My art gallery report focuses on work shown at the Gregory Kondos Gallery at the main _________________. I was lucky enough to bear witness to a number or empathic, simplistic pastoral and nature themed black and white woodcuts by Birdy Boyle. Each piece was held in a clear frame with a black border, placed on unassuming whitewashed walls and lit simply by white overhead bulbs.
The first woodcut I'd like to focus on is Boyle's "Untitled (child with cat in landscape)". It is nominally a barebones representation of a smiling, black-haired child (on the left) facing towards a cat (on the right) (with the cat's back towards the viewer) sitting on some wide shelf like structure filling in the bottom fourth of the woodcut as one black rectangle. A broad black curve filling in the top of the painting is meant to represent a distant hill topped by squat trees. And that is all there is to it.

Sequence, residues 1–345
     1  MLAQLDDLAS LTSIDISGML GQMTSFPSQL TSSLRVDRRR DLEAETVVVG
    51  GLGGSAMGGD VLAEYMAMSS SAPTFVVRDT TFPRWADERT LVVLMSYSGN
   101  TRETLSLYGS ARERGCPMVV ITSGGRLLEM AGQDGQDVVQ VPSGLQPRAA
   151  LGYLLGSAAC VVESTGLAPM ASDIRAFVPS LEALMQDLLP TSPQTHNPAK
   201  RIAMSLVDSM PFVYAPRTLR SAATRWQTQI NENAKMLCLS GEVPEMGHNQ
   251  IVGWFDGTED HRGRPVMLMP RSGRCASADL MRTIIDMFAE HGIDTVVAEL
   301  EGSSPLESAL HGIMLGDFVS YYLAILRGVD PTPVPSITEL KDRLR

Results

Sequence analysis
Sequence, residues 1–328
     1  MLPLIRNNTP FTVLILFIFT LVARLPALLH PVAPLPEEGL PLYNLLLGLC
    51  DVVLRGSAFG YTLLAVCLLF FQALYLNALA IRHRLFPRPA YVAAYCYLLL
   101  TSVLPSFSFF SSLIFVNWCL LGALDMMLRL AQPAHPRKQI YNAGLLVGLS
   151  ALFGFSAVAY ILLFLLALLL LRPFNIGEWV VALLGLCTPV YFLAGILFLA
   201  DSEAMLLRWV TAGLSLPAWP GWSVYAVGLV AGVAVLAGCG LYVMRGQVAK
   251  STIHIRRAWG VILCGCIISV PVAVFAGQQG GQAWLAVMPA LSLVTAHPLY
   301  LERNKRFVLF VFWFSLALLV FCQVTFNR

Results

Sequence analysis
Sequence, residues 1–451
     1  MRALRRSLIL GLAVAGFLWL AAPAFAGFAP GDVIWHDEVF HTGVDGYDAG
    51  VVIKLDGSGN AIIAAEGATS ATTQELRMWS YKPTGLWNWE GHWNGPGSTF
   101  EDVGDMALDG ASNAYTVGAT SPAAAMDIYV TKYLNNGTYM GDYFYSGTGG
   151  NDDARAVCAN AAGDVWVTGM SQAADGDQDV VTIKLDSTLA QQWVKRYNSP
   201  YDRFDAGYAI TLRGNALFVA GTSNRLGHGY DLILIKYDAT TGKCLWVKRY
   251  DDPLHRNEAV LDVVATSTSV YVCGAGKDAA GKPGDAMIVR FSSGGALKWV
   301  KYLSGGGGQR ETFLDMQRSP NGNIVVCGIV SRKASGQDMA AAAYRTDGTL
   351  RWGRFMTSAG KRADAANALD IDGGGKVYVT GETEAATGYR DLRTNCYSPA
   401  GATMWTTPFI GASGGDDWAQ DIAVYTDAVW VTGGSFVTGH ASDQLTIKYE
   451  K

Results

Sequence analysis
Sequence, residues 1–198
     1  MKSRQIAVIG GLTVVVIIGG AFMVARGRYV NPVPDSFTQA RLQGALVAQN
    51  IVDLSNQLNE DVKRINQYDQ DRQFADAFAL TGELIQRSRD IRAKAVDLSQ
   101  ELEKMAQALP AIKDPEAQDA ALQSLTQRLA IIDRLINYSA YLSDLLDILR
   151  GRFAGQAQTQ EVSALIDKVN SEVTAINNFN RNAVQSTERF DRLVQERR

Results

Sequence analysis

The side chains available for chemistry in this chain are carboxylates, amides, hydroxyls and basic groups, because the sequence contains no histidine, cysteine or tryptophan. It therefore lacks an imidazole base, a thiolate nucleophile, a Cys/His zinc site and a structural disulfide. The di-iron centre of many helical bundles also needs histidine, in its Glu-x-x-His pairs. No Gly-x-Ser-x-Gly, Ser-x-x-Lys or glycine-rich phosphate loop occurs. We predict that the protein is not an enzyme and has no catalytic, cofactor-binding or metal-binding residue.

There is an obvious economy to "Untitled (child with cat in landscape)". As with the rest of Boyle's pieces at the exhibit this woodcut is, as was previously mentioned, done entirely in black and white. In this way the image represented becomes highly stylized in that it begins to appear abstract, and almost allegorical the more closely it is scrutinized. Who is the child, why is it there and what relationship does it have with the cat? These answers are unanswerable. However, the child's expression is friendly and its right arm rests on the table with its hand towards the cat, which appears relaxed and attentive to the child, tail still but not stiff. This seems to imply that there is at the least not an antagonistic relationship between the two, even if perhaps they do no know each other well. The emotion evoked by the scene is one of playful curiosity. It seems as if a wordless exchange is being made.
I think the piece is excellently constructed and evocative. The artist has made intelligent use of broad swaths of black and negative spacing to establish...